Wednesday, September 22, 2010

Doggie Tales: Maggie

Full Name: Maggie Mae Harris

Breed: Yellow Labrador (but she was really white-colored)

Birth date: Maggie was born on January 24th of 1996 and she passed away on October 28th of 2009. She was 13 years old.

Likes: going anywhere with my dad, her soccer ball, her red rubber toy, swimming, fetching, pretty much playing with anyone, anywhere, anytime.

Dislikes: beans, music boxes, raccoons...and there isn't anything else. She was a really easy-going and happy dog.

All about Maggie: We got Maggie when I was nine years old. She was the cutest puppy you ever did see. Really, she was. Look. She was the runt of the litter and she was so small that the tiny purple collar we had bought for her was too big and my dad had to take out his knife and make a new hole in order for it to fit.

Me and my brother with little baby Maggie.

In truth, we came up with the name Maggie from the movie The River Wild. The yellow Labrador in that movie was named Maggie and we thought that dog was badass so we named our Maggie, Maggie. Then we decided her middle name (because in my family, our dogs are family members so they get full names) should be Mae, like The Beatles' song "Maggie Mae."

Maggie when she was still a young doggie.

Maggie didn't bark for a long time. We weren't even sure if she could bark until one day, probably 3 months after we got her, we brought out a soccer ball to play with and Maggie barked at it. She loved playing soccer. She would bite and chew the ball and run around after it, and if you kicked it and it got past her, she would go crazy and bark at it. She learned how to pass the ball to us by hitting it with her nose, so when we would tell her to pass it, she would.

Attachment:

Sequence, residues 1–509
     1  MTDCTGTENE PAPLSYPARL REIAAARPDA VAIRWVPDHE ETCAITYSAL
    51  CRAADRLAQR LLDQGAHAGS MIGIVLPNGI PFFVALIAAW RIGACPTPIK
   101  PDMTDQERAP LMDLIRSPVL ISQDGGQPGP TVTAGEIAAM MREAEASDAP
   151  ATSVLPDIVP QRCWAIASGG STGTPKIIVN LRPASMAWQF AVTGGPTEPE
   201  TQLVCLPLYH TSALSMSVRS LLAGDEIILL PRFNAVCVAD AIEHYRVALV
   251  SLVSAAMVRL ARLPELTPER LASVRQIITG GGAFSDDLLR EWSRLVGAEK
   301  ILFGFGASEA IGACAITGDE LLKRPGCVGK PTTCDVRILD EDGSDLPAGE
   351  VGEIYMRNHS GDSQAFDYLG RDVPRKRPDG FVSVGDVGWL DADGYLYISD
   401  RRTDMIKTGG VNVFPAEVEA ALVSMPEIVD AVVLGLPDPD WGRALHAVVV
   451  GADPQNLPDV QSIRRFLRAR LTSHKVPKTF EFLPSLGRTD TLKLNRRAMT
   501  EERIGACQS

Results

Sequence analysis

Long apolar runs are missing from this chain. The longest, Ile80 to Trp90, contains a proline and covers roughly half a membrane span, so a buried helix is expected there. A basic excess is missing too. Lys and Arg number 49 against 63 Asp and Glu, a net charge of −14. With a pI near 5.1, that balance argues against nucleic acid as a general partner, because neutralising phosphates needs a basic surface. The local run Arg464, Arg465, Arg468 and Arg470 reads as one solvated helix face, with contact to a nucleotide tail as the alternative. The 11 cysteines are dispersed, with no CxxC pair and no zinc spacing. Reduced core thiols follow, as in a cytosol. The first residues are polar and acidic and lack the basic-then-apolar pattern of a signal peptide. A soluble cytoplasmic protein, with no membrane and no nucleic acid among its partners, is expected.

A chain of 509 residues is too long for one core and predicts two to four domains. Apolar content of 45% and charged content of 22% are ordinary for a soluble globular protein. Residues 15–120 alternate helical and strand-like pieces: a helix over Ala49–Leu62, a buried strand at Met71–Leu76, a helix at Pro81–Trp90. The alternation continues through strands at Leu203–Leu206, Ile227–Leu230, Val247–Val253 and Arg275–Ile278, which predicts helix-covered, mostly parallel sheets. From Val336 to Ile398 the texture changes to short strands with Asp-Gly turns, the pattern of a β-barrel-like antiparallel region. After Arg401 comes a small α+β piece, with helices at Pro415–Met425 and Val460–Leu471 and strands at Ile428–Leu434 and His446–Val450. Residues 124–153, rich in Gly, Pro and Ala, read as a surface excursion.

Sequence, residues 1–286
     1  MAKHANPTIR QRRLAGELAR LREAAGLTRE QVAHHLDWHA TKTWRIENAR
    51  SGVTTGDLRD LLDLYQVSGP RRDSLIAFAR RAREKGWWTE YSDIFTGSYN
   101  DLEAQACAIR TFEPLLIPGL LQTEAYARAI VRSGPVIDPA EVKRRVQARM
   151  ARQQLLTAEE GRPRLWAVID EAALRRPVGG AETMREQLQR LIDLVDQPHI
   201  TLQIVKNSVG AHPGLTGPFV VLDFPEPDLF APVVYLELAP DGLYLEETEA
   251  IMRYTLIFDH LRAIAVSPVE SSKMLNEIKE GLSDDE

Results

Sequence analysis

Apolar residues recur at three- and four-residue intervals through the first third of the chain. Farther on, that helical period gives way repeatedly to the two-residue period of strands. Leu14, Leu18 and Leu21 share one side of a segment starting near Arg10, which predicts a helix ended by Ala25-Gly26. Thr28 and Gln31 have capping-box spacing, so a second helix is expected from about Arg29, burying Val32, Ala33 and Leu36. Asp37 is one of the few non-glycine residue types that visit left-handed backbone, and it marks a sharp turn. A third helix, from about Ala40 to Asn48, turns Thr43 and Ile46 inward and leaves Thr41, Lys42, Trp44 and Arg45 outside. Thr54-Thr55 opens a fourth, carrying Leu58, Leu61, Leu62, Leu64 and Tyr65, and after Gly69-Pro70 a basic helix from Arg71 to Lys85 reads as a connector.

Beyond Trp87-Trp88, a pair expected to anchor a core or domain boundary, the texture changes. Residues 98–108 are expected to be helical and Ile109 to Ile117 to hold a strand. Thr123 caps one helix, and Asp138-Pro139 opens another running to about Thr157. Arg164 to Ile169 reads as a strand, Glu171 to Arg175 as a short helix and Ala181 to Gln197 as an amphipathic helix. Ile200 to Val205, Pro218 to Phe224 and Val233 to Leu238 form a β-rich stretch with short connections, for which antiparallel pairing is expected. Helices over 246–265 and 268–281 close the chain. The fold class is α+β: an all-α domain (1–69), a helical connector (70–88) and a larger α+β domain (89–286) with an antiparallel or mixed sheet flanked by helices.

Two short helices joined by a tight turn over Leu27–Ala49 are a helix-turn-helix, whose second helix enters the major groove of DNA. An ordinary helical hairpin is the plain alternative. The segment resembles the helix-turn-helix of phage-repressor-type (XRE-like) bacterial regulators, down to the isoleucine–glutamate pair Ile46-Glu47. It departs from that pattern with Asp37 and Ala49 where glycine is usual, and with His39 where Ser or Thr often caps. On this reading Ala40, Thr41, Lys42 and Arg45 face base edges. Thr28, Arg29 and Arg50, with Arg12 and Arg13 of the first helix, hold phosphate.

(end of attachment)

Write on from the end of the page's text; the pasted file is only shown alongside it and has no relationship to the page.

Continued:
Maggie seriously loved sitting in her chair.
Maggie was really smart. She is the smartest dog I ever had. I had read in an article that you could measure your dog's intelligence by doing this test: you show your dog a treat, you have them watch you put it under a rag or piece of cloth, and then you let them go after it. Depending on how your dog gets the treat shows you how intelligent they are. If they use their paw to move the rag off of the treat, they're really smart. If they try to use their nose to get the rag off the treat, they're average, and if they try to get the treat by picking the treat up with their mouth while the rag is still over it...they're not so smart. I immediately wanted to test Maggie. Right away, she used her paw to move the piece of cloth and she got the treat. So she was super smart, at least, according to that test she was.
Here she is, in her chair again, only older.
But she did other smart stuff, too. One time I was wearing a hat, and she had never seen me in a hat before, so she wanted to see what was on my head. She kept jumping on me to try to get it, until I scolded her and told her not to jump anymore. This was when she grabbed a hold of my sock with her teeth and began yanking on it. I leaned down to swat her away, and when I leaned over, she grabbed the hat right off my head. Clever little dog, huh?
Me and Maggie when I was about 12 or 13.